Published on : Friday, December 1, 2017
The police of Honduras fired tear gas at rock-hurling protesters after criticized the presidential election that happened on Sunday that has still to produce a clear winner stretched into its fourth day of vote counting. This political clash is making a thousand step backward in travel and tourism business.
Both President Juan Orlando Hernandez and his rival Salvador Nasralla, a television game show host allied with leftists, claimed victory after the presidential election.
The vote tally at first favored Nasralla, but then swung in favour of the incumbent after hold-ups in the count, fueling talk of irregularities.
The international concern has grown about the crisis in the Central American nation, which in 2009 saw a military-backed coup.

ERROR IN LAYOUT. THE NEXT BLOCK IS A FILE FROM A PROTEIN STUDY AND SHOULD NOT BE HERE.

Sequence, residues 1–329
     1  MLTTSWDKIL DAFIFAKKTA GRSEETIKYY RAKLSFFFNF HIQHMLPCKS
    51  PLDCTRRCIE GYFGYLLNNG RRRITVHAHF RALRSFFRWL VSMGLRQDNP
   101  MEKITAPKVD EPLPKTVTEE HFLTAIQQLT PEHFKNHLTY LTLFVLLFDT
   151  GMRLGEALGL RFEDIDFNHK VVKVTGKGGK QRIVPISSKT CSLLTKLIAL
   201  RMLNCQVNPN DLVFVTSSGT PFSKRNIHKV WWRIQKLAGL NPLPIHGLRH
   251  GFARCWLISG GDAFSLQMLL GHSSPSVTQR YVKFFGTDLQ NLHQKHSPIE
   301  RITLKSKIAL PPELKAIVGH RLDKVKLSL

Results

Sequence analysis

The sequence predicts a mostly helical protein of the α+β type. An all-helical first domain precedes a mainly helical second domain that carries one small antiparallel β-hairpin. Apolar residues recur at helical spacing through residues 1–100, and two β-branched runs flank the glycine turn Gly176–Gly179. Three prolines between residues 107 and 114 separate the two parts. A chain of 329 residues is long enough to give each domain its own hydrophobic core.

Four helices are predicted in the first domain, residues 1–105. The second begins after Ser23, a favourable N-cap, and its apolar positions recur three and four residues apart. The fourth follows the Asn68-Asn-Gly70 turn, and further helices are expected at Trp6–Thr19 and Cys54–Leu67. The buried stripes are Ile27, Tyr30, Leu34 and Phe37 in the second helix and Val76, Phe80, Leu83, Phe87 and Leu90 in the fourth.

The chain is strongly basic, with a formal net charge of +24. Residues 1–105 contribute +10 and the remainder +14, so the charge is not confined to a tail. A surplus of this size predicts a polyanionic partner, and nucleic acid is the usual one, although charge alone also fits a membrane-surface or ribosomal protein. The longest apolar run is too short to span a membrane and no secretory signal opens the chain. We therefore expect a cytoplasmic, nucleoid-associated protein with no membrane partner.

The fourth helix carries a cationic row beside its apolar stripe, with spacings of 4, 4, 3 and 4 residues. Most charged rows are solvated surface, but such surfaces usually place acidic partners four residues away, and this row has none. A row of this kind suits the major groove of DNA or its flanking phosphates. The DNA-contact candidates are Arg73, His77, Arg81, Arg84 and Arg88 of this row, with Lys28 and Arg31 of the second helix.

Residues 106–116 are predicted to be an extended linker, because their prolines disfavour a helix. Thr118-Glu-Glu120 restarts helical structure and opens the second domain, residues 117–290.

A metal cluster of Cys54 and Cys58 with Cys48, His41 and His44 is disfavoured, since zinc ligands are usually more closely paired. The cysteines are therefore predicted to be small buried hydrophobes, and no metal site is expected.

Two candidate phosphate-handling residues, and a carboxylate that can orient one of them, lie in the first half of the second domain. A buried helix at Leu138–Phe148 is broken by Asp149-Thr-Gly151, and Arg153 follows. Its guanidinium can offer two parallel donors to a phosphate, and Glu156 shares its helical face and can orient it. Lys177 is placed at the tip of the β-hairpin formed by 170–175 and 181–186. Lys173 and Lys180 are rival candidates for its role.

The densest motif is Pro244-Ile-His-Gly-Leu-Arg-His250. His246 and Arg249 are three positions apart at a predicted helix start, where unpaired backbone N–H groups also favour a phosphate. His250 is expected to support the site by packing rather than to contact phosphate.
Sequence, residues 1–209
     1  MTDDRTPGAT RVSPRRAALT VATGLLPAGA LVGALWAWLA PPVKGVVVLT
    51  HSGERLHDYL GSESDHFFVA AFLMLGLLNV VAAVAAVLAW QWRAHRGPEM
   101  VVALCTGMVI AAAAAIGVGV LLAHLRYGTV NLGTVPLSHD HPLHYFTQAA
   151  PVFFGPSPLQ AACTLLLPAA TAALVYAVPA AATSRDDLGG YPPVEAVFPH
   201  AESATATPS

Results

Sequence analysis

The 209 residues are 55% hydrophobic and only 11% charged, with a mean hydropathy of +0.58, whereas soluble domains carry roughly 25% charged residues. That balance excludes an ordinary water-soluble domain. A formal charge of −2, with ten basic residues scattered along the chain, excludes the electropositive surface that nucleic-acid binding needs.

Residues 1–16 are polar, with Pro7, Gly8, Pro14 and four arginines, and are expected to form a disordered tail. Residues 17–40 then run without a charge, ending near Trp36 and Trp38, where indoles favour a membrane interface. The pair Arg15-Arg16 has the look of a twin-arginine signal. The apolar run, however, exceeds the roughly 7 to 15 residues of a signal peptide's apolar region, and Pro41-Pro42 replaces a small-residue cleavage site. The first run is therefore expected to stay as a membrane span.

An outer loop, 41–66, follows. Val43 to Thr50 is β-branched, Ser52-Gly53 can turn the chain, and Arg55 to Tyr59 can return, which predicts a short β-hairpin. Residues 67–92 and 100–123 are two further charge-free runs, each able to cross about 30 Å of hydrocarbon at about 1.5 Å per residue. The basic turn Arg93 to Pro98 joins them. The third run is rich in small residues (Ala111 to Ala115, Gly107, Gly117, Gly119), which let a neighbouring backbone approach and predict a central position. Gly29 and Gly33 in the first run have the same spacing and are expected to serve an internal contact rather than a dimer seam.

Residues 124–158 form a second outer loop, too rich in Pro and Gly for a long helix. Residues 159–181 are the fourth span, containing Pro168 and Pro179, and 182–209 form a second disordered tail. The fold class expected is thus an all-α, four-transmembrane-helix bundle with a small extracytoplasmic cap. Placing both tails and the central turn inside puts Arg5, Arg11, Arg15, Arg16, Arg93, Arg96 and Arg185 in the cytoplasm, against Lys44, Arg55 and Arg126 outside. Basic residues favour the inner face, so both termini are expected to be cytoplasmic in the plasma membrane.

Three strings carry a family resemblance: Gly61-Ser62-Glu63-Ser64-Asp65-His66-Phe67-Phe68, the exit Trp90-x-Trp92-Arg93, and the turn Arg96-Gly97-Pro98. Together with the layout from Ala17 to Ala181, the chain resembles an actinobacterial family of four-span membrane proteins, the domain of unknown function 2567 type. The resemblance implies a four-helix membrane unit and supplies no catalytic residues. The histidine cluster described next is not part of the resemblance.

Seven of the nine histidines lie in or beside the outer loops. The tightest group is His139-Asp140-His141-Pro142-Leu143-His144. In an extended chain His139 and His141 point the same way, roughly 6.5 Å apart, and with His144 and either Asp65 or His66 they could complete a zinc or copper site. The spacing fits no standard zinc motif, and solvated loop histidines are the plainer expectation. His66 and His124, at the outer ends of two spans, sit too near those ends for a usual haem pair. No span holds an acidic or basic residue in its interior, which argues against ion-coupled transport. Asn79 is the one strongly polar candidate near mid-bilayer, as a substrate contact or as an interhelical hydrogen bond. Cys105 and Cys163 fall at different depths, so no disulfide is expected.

The delays have already sparked unrest, and observers fear they could risk undermining the eventual legitimacy of the winner. One of the four magistrates on the Honduran electoral tribunal flagged “serious doubts” about the process on Thursday.
Marcos Ramiro Lobo called for an independent external auditor to review the results, but was non-committal on whether there was evidence of electoral fraud. David Matamoros, who chairs the electoral tribunal, said that he expected the count to conclude by mid-afternoon on Thursday. However, by 5 p.m. more than 7 percent of the ballots had not been processed.
The Organization of American States (OAS) appeared to have salvaged the reliability of the election on Wednesday by eliciting signed statements from both candidates that vowed to respect the final result once disputed votes had been checked.
With this wide political tension in Honduras, the tourism is deeply affected. The security forces were deployed in areas with the mining, agricultural, industrial, hydro electric and tourism enterprises that move and negatively impact poor indigenous and Afro-Honduran communities.